Attitude and Longitude

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  Article taken from "Backsights" Magazine published by Surveyors Historical Society

ATTITUDE AND LONGITUDE

by David Alan Grier

Where is the center of the known universe? For those of us who believe the world revolves around American politics, we suppose the point by which all else is reckoned hovers somewhere above the Capitol dome, or perhaps over the West Lawn.

But it turns out there was a time when Washingtonians had a less metaphorical claim to being the center of the world: It was called the American Meridian, a geographical line that separated the Eastern and Western hemispheres. To residents of Foggy Bottom, the American Meridian had a more prosaic name: 24th Street NW.

Congress authorized the meridian in the Naval appropriations bill for 1849 and directed that it pass through the central dome of the U.S. Naval Observatory, a facility then located on a small bluff at 24th and D NW.

Prior to that year, American navigators tended to use either the French meridian at Paris or the British meridian at Greenwich to measure longitude. Meridians were expensive ventures for governments - to make them anything other than a defiant gesture of political independence, a government needed to publish an annual almanac giving the positions of the stars relative to the meridian. Adm. Charles Henry Davis, the first director of the American Almanac, estimated that the British government spent between $16,000 and $17,000 preparing its version (which, trust us, was a considerable sum in those days).

As it turned out, few navigators adopted the American Meridian, as they owned charts that gave distances relative to Paris, or London, rather than 24th Street NW. Davis recognized that navigators continued to require Greenwich star tables and included them in the American Almanac.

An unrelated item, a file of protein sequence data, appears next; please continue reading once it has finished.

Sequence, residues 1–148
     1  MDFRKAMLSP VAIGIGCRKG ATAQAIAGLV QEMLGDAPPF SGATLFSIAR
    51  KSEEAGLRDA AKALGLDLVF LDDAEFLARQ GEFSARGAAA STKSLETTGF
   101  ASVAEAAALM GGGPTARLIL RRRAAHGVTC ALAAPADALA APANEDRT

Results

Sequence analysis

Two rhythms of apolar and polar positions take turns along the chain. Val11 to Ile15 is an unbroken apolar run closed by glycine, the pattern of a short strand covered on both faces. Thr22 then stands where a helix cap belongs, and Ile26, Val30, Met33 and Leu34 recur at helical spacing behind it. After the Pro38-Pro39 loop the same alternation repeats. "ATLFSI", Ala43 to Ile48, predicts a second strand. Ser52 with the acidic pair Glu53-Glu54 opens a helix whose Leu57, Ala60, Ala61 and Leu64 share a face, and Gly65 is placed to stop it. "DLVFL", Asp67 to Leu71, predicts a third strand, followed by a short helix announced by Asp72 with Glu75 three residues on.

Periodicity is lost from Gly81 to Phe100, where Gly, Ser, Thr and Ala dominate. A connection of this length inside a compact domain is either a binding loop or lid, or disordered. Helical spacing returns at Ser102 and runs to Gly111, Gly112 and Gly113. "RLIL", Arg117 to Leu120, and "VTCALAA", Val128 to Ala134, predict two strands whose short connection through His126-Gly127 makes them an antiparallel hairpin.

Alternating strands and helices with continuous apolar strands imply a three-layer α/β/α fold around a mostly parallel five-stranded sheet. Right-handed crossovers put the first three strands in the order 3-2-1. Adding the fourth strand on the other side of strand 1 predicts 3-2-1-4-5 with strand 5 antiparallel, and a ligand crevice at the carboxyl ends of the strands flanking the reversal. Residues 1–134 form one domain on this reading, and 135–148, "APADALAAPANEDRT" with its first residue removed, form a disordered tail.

The stellar tables for the American Meridian were used, but by surveyors, not navigators. By 1849 teams of surveyors and mappers were moving steadily across the American West. For them, measuring distances to a line that lay across a broad ocean was inconvenient at best, and at worst introduced errors into their surveys. Davis noted that the "difficulty of making absolute determinations of longitude increases as the place is more remote."

As a result, those great square boundaries of the Western states are all figured in appealing round numbers from the American Meridian at 24th Street. The eastern border of Wyoming is exactly 27 degrees west of 24th Street, that of Arizona is 32 degrees west, the Utah-Nevada border is 36 degrees west.

The United States abandoned the American Meridian in 1884, when it accepted the meridian at Greenwich as the international standard.

The Naval Observatory moved to its current site on Massachusetts Avenue in 1893, taking with it the telescopes that had been used to measure the stars above the meridian. The original naval observatory site is now the location of the Naval Surgery command. The old buildings, including the abandoned telescope domes, can be clearly viewed from the roof of the Kennedy Center and from the Roosevelt Bridge. Drivers traveling on that bridge may believe that they are leaving Virginia and entering the District, but in fact, they are moving from the Western American Hemisphere into the Eastern by crossing the meridian at 24th Street.

- Washington, DC Insiderís Guide, The Washington Post, Feb. 6, 2000

 

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